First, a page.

New Boutique Hotels in Manhattan Draw Millennial Travelers

The Whitby is a contemporary art-inspired hotel with 86 individually designed rooms, some with skyline views.

When Millennials wish to experience a destination “like a local,” one of the first considerations is a hotel that will set the right tone. Many Gen-Y travelers seek out boutique and lifestyle-brand hotels or other accommodations that are not “cookie cutter” in design or feel. These types of properties are becoming more and more prevalent in Manhattan, popping up amid the mega-hotels and other skyscrapers. The following recent and upcoming openings have the bonus of being within minutes of several exciting new attractions and experiences.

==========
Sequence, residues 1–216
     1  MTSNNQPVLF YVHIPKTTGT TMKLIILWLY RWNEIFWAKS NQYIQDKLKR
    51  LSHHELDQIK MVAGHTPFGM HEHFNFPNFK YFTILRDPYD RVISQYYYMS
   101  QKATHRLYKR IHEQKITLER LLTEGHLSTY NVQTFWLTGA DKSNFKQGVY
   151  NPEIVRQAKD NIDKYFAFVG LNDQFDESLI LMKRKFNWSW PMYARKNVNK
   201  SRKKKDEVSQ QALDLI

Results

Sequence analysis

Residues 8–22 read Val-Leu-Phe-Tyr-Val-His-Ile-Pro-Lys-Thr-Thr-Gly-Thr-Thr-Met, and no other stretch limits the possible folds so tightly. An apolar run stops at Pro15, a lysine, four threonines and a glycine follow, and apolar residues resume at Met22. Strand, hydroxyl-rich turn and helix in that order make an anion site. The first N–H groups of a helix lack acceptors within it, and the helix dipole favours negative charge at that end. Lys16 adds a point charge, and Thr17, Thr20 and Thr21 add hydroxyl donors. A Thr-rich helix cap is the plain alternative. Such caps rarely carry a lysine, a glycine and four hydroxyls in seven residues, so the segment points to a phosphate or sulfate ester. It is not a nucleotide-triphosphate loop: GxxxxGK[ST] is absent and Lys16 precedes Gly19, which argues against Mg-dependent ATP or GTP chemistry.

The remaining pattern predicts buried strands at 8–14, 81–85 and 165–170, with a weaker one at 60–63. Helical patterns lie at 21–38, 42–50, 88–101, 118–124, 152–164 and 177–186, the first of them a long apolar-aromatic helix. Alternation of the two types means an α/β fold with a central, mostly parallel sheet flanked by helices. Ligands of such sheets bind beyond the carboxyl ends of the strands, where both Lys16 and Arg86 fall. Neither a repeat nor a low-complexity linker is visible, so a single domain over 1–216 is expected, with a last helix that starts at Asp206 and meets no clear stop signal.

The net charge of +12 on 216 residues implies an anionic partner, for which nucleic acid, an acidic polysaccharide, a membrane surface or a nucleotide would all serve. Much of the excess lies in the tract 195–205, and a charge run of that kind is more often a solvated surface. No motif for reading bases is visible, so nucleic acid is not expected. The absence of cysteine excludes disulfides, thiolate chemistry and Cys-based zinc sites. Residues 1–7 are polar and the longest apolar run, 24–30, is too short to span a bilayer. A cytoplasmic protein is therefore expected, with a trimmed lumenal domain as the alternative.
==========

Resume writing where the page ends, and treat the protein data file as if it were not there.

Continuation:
Firmdale Hotels’ new The Whitby, for example, is a contemporary art-inspired hotel with 86 individually designed rooms, some with skyline views. Each of The Whitby’s guestrooms and suites sports a colorful, carefree style and has floor-to-ceiling windows. Some even have private terraces. The Whitby Suite is the top accommodation: a two-bedroom unit on the top floor with furnished terraces. Its bathrooms are finished in marble or granite and are stocked with Firmdale’s exclusive bath and body collection.

The Whitby Bar has a 30-foot pewter bar, gray oak floors, warehouse-style windows and vaulted ceilings with a skylight. The hotel also has its own 130-seat cinema.

The Whitby, which opened in February, is Firmdale’s second New York hotel (the other is the popular Crosby Street Hotel in SoHo) and is minutes away by foot from Central Park, the Museum of Modern Art, Rockefeller Center and Fifth Avenue’s luxury shops, and also a short stroll from the Theater District.